ICC seminar on resolving disputes in space and aeronautics industries

ICC will hold a seminar on resolving disputes in the space and aeronautics sectors. The conference Dispute Resolution in Aeronautics and Space will take place on 5 February under the auspices of the ICC International Court of Arbitration. It will address three main themes: risk management; the impact of financing on enforcement and repossession strategies; and the methods available for resolving disputes. The conference will identify the specific risks in the aeronautics and space industries, taking into consideration recent developments in this sector; notably the increase in air traffic, new types of material, more innovative technologies and the development of new airline companies. Given these risks, one session will also be devoted to the importance of insurance and re-insurance.

The conference will also delve into dispute resolution in the industry, covering issues such as litigation B2C, secrecy obligations and dual purpose technology, and their impact on dispute resolution proceedings. The range of procedures available to resolve disputes – such as state court procedures and international commercial arbitration – will be addressed.

The conference will be held at the ICC Secretariat in Paris and will be conducted in English and French. Simultaneous translation will be available. Space is limited, and a discount will be offered to members and non-members of ICC who enroll by 12 January.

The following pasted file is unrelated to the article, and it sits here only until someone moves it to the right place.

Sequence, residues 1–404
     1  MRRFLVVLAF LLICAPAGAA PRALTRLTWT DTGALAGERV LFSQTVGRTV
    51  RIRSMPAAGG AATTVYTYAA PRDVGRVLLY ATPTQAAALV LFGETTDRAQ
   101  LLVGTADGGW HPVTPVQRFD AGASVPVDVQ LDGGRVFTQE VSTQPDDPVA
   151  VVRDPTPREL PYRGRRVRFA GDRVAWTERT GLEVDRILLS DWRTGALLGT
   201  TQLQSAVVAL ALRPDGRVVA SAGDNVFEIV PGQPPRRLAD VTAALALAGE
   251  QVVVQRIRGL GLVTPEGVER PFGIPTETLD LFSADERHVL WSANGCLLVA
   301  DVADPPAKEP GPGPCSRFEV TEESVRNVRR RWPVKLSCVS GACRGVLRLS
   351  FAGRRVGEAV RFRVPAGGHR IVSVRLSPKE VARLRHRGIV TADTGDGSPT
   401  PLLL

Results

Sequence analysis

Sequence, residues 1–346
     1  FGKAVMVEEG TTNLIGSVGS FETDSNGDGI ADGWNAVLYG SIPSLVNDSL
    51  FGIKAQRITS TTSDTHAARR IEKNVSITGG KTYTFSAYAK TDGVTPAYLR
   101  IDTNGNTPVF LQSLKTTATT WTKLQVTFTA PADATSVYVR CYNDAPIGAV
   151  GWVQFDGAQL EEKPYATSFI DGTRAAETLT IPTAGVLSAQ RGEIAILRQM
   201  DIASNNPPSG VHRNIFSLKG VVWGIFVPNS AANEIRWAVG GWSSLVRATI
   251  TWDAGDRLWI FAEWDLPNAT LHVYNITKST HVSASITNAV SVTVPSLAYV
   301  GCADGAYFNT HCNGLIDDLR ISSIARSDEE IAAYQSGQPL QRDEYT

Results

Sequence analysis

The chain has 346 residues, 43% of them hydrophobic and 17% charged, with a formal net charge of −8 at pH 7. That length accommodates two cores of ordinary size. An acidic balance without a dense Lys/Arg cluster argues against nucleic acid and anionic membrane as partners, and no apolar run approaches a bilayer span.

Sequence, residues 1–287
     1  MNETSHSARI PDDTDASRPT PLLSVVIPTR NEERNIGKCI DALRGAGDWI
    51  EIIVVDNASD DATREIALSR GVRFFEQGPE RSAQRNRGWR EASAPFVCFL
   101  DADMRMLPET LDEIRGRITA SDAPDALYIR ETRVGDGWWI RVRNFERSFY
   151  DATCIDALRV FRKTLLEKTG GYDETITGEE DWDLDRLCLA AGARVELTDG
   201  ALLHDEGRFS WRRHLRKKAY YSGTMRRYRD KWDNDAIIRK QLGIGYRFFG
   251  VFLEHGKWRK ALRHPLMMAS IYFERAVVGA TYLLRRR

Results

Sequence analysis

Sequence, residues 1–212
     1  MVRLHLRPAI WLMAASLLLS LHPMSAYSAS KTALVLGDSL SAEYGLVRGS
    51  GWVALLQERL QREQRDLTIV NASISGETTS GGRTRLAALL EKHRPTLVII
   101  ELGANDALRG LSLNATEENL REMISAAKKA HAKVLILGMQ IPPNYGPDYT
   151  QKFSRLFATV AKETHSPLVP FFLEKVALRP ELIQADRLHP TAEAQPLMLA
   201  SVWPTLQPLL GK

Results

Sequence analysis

Alternative dispute resolution in IT matters, in UK

Daniel Djanogly was interviewed by ITweek, UK about experts in alternative dispute resolution are a popular way to resolve disputes between conflicting parties in technica cases:

So what exactly is expert determination and how does it differ from other methods?

This is one of a number of private dispute resolution methods collectively referred to as alternative dispute resolution (ADR). Other ADR methods include arbitration and mediation.

In expert determination an independent expert is asked by the disputing parties to decide one or more issues between them. The experts are required to use their knowledge and experience to reach a decision based on their own investigation of the issues. The experts must act fairly and the parties must agree to be bound by the decision.

In England and Wales arbitration is supported and controlled by the Arbitration Act 1996, which supports the enforceability of arbitration awards locally and internationally. There is no similar statutory involvement in expert determination.

In arbitration, fairness is formalised by the Arbitration Act. The arbitrator can only undertake an investigation if permitted by the parties and must share the results with the parties. Unlike the arbitrator, the expert is not immune from actions for negligence. In mediation, the mediator helps the parties arrive at their own settlement.

Are there particular types of dispute that suit expert determination?